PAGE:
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Faculty Research: An In-Depth View of Black Student Protests

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Black student protest
Photo courtesy of Robin Hoecker
I took my first photojournalism class as a junior at Penn State. While there, I completed a yearlong documentary project about black student protests on campus. Twenty years later, despite two graduate degrees and years working as a photojournalist, I know that those photographs I took in college remain the most important work I've ever done.

The project began as a class assignment. I documented a silent march around Beaver Stadium after black student leaders, football players and a university trustee received threatening letters in the mail. For the next year, I continued to document these students' efforts to get the university to be more responsive to racial issues.

Black student protests
Photo courtesy of Robin Hoecker

They spoke at faculty senate meetings and held hearings with state legislators. The students wanted the university to take such threats and the fear they caused seriously. They also wanted the university to invest more in research and teaching about racism and for there to be more accountability when the university failed to meet its diversity goals. Their movement reached a peak after students interrupted a nationally televised football game and occupied the student union building for 10 days, actions that received national attention.

My images are flawed and grainy. It was 2000, before digital cameras came on the scene, so I was still processing and printing my film in a darkroom, with mixed results. There was a long delay from when I snapped the shutter to when I would see the faces slowly appear in a tray of chemicals. Those faces showed frustration, fear, anger and sadness, but also determination, resolve and joy. I spent a lot of time looking at those faces and trying to understand what was happening and why.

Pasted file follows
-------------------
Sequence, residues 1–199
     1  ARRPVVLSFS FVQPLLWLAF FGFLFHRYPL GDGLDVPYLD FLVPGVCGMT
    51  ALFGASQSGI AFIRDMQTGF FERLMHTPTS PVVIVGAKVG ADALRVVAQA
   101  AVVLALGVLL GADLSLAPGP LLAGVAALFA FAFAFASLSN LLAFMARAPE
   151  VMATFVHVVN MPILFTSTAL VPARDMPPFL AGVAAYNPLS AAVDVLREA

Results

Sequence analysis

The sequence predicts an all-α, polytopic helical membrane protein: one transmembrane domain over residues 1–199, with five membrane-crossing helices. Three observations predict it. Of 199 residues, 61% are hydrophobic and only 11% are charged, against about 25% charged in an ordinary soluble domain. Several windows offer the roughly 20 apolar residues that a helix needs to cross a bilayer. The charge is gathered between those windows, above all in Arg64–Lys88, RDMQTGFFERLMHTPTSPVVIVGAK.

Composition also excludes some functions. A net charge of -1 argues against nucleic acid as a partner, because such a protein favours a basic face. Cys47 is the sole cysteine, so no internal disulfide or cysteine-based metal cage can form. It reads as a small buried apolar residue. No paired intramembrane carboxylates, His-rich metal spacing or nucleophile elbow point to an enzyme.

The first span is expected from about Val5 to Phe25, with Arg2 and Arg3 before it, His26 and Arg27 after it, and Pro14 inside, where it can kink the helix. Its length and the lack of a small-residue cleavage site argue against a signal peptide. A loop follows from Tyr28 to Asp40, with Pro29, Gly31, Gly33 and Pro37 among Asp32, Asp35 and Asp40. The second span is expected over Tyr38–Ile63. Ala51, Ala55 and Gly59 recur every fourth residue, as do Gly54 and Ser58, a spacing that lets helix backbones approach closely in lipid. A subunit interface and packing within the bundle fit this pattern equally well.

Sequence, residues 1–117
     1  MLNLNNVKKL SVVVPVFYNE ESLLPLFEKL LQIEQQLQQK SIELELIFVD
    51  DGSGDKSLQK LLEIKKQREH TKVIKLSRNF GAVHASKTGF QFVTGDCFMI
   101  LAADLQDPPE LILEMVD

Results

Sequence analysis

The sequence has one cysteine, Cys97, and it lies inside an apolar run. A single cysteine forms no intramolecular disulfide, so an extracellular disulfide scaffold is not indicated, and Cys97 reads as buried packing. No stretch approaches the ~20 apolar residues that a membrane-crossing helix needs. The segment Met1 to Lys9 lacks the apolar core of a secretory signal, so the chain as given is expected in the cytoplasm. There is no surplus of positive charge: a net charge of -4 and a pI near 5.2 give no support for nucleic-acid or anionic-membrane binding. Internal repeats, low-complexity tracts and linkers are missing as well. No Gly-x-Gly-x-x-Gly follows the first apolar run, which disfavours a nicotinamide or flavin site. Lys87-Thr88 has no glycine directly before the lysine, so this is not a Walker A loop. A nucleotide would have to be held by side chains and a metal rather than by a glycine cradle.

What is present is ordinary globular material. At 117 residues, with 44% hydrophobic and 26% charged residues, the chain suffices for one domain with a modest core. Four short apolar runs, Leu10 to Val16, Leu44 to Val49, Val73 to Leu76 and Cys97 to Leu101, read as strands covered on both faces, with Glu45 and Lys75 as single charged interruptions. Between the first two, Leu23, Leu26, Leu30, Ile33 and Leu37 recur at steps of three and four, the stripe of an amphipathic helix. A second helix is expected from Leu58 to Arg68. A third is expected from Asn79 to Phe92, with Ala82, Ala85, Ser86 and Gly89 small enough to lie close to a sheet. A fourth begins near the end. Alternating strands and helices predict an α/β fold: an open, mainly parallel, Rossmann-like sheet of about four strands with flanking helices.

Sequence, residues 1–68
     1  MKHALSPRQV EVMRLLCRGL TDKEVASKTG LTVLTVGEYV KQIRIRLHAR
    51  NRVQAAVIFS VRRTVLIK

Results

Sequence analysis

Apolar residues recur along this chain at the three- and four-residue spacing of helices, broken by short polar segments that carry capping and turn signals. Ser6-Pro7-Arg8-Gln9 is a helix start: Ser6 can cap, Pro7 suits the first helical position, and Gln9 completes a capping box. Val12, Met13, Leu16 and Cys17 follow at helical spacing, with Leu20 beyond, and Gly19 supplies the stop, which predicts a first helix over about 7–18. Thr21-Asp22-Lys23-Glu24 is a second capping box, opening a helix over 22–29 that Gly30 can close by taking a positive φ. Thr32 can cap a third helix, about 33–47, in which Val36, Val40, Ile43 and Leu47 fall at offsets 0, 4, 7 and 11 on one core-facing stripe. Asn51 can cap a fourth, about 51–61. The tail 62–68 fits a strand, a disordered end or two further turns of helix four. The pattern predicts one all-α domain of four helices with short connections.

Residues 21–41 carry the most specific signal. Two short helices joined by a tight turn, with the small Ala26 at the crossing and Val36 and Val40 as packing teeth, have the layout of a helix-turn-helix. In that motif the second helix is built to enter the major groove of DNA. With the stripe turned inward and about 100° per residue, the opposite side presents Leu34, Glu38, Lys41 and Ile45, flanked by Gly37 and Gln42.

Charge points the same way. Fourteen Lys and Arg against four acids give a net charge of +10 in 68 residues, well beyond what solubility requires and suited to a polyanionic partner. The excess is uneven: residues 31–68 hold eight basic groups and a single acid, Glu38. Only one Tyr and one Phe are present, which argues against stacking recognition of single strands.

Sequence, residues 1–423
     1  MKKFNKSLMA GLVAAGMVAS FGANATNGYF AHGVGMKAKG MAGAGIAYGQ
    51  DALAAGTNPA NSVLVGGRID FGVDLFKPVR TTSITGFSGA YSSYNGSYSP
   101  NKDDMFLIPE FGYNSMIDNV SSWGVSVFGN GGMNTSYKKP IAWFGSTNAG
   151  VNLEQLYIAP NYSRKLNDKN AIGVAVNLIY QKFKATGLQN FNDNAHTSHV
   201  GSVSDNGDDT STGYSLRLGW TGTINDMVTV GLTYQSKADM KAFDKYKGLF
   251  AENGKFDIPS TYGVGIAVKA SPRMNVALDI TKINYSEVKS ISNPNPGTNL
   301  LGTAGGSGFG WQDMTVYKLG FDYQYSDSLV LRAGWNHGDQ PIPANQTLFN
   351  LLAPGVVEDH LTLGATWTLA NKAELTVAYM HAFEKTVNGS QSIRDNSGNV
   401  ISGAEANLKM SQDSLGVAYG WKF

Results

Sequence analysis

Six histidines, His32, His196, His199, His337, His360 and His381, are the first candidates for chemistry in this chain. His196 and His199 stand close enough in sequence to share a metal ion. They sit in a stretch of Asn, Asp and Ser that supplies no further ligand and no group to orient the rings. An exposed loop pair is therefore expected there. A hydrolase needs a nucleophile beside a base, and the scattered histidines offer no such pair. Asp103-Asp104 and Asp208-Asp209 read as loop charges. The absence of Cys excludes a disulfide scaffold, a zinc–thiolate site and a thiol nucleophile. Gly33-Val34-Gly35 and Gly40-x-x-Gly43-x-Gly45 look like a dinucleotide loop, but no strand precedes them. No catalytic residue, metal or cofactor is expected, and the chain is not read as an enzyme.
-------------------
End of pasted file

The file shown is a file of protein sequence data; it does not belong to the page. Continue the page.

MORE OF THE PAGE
As extraordinary as the protests were, they were not unique. Major protests occurred at Penn State in 1969, 1988 and 2000, and to some extent in 2014 with the Black Lives Matter movement. What happened at Penn State was happening nationwide as students reacted to racial inequities on campus. That, combined with current events and political tensions, made for a powerful and combustible mix. The progress and agreements made in one era would erode, and then the next group, under the right circumstances, would raise the same demands years later. In other words, major protests break out about once a generation.

Black student protests
Photo courtesy of Robin Hoecker

My current research examines this repetitive cycle, using Penn State as an in-depth case study. I am working with librarians and filing Freedom of Information Act requests to learn more about how administrators approached negotiations with students in different eras. I hope to interview leaders of the protests from different generations. I am also working to make sure that the documents I come across are available for other researchers through Project STAND (Student Activism Now Documented), a collaboration of archivists trying to document the activism of marginalized groups.

I am still fascinated by what I witnessed. I recognize how important my visual documents are to understanding the history of Penn State, the role of black student protests at universities and the complicated process of social change.

As George Orwell wrote in the book "1984," "Who controls the past controls the future; who controls the present controls the past." My goal with this project is to make sure this part of history is documented and given the attention it deserves.

Robin Hoecker is an assistant professor of journalism.

Originally published in Conversations (Spring 2020).